In 1988, KAESEBERG took part in the spectacular and message-laden exhibition ‘After Beuys’ organized by the EIGEN+ART connection, which meanwhile keeps expanding into all corners of the globe. However, the core elements of Beuys’ material-based iconography have not quite been cast off, nor has their human promise of giving energy to an increasingly cool and indifferent world been abandoned. It is in Palermo’s work that KAESEBERG recognizes the constructive and mediating function of a catalyst, which does not quite free him form such promises – but protects his intellectual property against wear and tear. Just like Palermo, he loves colour – the earthy paint on crumpled silk-paper radiates with ultramarine. Just like Palermo, he favours the aesthetic shorthand constituted by ‘basic signs’. He too keeps his distance when he feels threatened by theoretical interpretations and claims. In an interview he says in a matter-of-fact fashion: “Part of my work is not conceptual. This is what cannot be explained. It has to do with myself or with pure chance.”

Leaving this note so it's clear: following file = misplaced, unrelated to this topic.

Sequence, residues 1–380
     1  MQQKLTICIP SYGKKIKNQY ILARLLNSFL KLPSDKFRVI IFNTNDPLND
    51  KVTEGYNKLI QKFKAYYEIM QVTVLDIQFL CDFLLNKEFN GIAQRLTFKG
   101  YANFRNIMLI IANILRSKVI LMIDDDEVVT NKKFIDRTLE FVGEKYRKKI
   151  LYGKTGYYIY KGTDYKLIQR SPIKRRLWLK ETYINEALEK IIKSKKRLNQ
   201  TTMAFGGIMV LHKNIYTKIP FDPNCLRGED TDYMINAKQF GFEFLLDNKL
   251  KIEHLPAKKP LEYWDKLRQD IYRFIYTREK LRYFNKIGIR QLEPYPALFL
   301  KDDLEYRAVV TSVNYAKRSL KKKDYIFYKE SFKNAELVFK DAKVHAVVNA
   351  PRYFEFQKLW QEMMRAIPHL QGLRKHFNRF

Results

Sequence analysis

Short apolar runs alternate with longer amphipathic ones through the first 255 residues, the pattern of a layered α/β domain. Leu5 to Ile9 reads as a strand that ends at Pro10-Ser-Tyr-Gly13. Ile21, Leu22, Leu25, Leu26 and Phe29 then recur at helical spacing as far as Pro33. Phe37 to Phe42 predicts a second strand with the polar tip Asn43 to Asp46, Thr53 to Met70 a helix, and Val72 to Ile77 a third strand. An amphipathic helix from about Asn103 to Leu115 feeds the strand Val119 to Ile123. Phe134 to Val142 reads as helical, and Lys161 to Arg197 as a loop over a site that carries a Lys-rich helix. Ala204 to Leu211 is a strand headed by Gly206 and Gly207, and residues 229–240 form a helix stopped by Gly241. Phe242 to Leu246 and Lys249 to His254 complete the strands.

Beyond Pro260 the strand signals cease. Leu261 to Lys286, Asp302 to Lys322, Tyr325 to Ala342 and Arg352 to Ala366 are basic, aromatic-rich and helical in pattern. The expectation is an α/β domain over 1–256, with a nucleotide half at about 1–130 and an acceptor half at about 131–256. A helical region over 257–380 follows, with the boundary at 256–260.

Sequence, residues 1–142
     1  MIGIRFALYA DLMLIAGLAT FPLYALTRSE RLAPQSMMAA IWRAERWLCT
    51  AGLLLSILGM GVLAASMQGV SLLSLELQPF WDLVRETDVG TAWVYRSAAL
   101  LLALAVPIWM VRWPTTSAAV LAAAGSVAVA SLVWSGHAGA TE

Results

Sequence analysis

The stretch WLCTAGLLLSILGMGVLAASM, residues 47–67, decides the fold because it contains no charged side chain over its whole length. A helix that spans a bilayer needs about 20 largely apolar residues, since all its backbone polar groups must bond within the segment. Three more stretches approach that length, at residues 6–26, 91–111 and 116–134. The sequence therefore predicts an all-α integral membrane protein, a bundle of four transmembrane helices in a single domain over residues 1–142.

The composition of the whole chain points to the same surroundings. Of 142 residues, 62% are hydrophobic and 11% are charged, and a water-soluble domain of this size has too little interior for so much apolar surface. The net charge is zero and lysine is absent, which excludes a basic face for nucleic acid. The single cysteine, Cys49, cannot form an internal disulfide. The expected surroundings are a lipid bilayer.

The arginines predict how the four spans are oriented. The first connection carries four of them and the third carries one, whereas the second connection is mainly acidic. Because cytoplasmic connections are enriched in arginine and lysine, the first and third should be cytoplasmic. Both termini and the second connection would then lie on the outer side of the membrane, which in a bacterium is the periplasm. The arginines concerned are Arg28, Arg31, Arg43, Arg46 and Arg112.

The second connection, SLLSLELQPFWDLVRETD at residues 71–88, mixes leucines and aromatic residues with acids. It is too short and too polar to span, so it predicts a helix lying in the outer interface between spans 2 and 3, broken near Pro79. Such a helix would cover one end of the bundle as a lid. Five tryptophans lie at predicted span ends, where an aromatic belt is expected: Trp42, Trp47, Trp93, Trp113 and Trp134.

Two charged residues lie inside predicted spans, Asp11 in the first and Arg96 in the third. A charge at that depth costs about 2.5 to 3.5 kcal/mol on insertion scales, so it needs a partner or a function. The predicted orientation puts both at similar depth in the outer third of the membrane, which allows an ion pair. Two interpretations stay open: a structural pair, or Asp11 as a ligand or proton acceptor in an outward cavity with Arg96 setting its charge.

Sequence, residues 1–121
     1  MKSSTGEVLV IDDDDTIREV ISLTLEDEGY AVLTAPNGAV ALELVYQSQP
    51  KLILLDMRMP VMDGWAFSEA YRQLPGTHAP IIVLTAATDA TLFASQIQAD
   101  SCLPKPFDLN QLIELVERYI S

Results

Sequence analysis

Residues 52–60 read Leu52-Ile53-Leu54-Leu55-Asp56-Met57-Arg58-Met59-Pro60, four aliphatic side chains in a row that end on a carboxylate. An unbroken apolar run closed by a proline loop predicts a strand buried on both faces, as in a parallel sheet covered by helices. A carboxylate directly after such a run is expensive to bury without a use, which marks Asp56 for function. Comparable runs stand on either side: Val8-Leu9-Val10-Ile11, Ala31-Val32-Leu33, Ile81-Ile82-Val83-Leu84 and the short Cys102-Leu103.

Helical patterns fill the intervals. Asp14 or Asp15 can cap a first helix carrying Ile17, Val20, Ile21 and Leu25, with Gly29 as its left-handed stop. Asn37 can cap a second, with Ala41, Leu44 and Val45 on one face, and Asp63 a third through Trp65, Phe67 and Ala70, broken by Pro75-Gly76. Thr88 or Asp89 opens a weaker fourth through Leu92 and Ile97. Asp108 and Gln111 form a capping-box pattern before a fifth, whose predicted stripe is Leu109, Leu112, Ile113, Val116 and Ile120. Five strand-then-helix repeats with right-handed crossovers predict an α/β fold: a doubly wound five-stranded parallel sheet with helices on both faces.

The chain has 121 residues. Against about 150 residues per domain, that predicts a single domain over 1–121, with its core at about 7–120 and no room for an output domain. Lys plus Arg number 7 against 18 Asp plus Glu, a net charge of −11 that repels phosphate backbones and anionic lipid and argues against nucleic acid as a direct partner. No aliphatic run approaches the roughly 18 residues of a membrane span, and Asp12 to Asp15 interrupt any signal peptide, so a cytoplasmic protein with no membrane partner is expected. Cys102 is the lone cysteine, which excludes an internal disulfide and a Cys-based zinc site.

To such ‘basic signs’ as the triangle, the square and the disc he adds the cross. These signs obviously carry meaning – they can be signs of warning, metaphors for energy, and media of transformation – and they serve as steppingstones to an intellectual attitude to problems (combining intuition and rationality). But these signs are also forms that organize a special aesthetics of the pictorial space. In this way, KAESEBERG alludes to the artists who inspired him (Beuys, Penck, Palermo), but remains free to speak out in his very own fashion on the multitude of sources as a historical transition phenomenon and on the crisis of the generations.

Quoted from:
Prototyp und Existenz: Palermo in Leipzig (‘Prototype and Existence: Palermo in Leipzig’), by Dr. Klaus Werner (in memoriam)
An exhibition by the sponsors of the ‘Gallery of Contemporary Art’ in collaboration with the ‘Leipzig Museum of Fine Arts’, Catalogue, Leipzig 1993